A Junaluska Jubilee

By Jesse Campbell (jesse.campbell@mountaintimes.com)



Article Published: Jun. 13, 2013 | Modified: Jun. 16, 2013
A Junaluska Jubilee

The 2013 Junaluska Jubilee will honor the life and work of the Rev. Rockford Hatton, who was the pastor at Boone Mennonite Brethren Church at various times from 1930-60.

Photo submitted



While the mystery of how Junaluska, Boone’s predominant African-American community, was founded has confounded local historians, the legacy of the neighborhood has come with little dispute.

To celebrate the neighborhood’s rich history, which has played out behind downtown Boone, the Junaluska Heritage Association took it upon itself to hold an annual celebration to remember prominent faces in the tightly knit community.

Known as the Junaluska Jubilee, the celebration is vivid reminder of the cohesion still apparent in the community. This year’s festivities take place at 11 a.m. Saturday, June 15, at the Boone Mennonite Brethren Church.

“Last year, it (the jubilee) was started to celebrate the late Rev. Rhonda Horton of the Boone Mennonite Brethren Church,” said Susan Keefe, an anthropology professor at Appalachian State University.

This year’s jubilee looks to remember the life and work of the Rev. Rockford Hatton.

According to a news release, Hatton was the pastor at the Boone Mennonite Brethren Church at various times from 1930-60. He was instrumental in establishing two other black Mennonite churches in Western North Carolina’s Bushtown and Darby.

“We try to honor someone every year,” lifelong resident Roberta Jackson said. “We decided to honor someone because of their contributions to our community that have kept it alive all of these years.”

The church was built in 1917 for the purpose of fulfilling the spiritual needs of the local African-American population, Keefe said.

Originally, Mennonite missionaries had intended to construct a racially integrated church and school in Elk Park in Avery County.

“The community made it very clear they would not tolerate an integrated church, so the Mennonites chose to have an exclusive church for blacks (in Boone),” Keefe said.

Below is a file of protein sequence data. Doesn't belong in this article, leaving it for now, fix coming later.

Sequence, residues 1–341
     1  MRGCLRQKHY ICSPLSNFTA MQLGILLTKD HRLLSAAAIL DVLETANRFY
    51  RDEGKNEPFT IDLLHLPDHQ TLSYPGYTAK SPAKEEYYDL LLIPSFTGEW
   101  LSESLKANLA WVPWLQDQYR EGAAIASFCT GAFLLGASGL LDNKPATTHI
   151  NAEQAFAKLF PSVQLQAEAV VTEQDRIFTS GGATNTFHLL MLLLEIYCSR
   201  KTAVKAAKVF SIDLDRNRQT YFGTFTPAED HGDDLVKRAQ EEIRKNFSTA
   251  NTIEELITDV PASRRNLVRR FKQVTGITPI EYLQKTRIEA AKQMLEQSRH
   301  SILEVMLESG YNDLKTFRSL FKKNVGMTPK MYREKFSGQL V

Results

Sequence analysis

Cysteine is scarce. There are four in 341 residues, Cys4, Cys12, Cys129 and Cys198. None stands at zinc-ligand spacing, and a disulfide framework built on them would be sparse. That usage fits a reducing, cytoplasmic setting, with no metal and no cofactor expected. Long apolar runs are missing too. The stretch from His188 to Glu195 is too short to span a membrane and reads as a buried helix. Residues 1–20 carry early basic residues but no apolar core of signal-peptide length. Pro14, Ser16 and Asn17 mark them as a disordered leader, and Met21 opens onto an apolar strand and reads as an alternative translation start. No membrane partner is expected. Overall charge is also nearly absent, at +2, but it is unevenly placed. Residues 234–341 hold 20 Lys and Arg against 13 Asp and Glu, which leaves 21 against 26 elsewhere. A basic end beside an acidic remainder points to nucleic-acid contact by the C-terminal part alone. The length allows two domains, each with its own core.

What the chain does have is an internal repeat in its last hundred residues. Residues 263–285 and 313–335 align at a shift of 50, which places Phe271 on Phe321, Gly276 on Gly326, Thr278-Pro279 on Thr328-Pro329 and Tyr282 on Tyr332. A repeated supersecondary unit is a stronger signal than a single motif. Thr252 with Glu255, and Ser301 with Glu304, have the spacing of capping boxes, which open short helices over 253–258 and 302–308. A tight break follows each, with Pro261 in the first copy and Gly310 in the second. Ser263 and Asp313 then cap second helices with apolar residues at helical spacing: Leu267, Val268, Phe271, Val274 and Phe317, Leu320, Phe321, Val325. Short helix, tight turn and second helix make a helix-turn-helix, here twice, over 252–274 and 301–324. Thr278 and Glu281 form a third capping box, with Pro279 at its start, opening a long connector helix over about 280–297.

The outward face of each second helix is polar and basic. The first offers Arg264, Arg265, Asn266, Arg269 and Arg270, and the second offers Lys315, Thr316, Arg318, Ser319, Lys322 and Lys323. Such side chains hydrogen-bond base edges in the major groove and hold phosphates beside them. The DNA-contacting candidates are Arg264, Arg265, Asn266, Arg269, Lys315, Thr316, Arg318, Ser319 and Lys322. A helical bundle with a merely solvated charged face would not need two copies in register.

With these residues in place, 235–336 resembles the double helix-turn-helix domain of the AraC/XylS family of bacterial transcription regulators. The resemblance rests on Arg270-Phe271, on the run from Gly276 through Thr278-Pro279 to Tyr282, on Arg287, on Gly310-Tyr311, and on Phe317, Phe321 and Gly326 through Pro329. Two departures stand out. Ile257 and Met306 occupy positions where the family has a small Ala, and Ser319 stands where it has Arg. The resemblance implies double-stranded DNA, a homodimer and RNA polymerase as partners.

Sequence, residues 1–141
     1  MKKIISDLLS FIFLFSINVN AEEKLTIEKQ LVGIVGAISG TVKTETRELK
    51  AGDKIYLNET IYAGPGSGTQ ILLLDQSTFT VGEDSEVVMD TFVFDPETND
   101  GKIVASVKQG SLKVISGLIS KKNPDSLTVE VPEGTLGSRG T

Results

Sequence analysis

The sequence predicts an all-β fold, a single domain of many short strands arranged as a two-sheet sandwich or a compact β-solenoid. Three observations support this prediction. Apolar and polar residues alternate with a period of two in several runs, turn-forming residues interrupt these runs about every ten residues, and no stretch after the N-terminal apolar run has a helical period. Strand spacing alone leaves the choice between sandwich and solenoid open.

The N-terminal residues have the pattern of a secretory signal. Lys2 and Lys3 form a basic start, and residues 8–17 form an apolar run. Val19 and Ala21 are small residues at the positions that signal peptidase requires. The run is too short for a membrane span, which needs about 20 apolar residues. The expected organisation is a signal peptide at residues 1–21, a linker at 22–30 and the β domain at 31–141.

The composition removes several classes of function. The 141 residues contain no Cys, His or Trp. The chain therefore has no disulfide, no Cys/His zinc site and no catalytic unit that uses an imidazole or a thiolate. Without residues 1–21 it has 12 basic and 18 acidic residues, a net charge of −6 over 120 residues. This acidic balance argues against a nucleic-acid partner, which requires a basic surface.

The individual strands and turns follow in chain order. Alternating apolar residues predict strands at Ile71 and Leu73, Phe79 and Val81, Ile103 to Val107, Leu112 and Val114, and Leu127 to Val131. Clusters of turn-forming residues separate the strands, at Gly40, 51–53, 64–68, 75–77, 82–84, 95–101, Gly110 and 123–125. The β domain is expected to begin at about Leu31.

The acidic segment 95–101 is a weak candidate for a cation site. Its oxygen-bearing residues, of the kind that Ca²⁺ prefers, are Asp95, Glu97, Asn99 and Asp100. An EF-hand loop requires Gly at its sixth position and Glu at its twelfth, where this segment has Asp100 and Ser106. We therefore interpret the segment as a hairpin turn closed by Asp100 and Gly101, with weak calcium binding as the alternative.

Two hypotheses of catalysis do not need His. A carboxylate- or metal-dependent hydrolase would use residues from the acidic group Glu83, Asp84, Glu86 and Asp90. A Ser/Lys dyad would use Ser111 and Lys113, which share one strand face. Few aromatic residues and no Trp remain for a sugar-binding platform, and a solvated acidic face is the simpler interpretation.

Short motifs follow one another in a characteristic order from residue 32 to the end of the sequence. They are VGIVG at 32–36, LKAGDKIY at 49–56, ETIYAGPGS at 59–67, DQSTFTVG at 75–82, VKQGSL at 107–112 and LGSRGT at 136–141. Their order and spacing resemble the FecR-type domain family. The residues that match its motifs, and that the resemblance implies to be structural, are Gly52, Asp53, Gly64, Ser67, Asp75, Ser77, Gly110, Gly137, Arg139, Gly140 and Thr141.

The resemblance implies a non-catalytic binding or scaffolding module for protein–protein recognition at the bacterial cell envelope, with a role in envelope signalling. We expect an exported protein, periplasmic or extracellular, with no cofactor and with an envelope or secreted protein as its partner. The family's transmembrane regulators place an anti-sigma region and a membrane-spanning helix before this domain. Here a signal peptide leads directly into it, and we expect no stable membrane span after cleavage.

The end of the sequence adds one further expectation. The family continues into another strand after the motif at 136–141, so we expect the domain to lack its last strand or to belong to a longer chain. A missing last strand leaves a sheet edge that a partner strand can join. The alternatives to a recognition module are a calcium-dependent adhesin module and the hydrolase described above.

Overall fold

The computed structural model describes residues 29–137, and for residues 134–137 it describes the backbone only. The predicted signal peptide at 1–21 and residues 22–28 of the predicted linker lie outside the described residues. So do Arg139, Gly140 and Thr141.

While the Junaluska community existed long before the church’s arrival, it was been woven into the neighborhood’s tapestry and has served as a community center for gatherings and worship services.
Today, Junaluska is home to approximately 200 residents.

“We don’t have as many as we used to because, for one reason, people are not having as many as kids as they used to, and people are moving away,” Jackson said. “We are still a strong community, even though we aren’t as big as we were.”

The jubilee looks to celebrate the proud lineage of Junaluska, organizers said.

Saturday’s community get-together also coincides with the freeing of the American slave more than 150 years ago, adding extra meaning to the event, Keefe said.

The jubilee begins with a special service at 11 a.m. that commemorates the life of Hatton and his accomplishments in spiritual revival. A meal will follow the main special service in the fellowship hall, Keefe said.

Following a homemade meal and fellowship, a magician and singing from the church’s gospel choir will round the day of remembrance and looking forward.

“This is an opportunity to come to know more about (Junaluska) and to celebrate diversity in Boone,” Keefe said. “We can also learn about the old African-American neighborhood that has been part of Boone for more than 100 years and to celebrate the things that we have in common.”

Organizers are hoping for a similar turnout to last year’s inaugural event.

“We really enjoyed ourselves,” Robertson said. “The community pitches in and helps to make it an enjoyable day.”

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